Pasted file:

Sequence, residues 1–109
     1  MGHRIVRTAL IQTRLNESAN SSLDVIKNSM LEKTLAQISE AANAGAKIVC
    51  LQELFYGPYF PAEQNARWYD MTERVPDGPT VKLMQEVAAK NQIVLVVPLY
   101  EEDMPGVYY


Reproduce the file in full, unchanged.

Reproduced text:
Sequence, residues 1–109
     1  MGHRIVRTAL IQTRLNESAN SSLDVIKNSM LEKTLAQISE AANAGAKIVC
    51  LQELFYGPYF PAEQNARWYD MTERVPDGPT VKLMQEVAAK NQIVLVVPLY
   101  EEDMPGVYY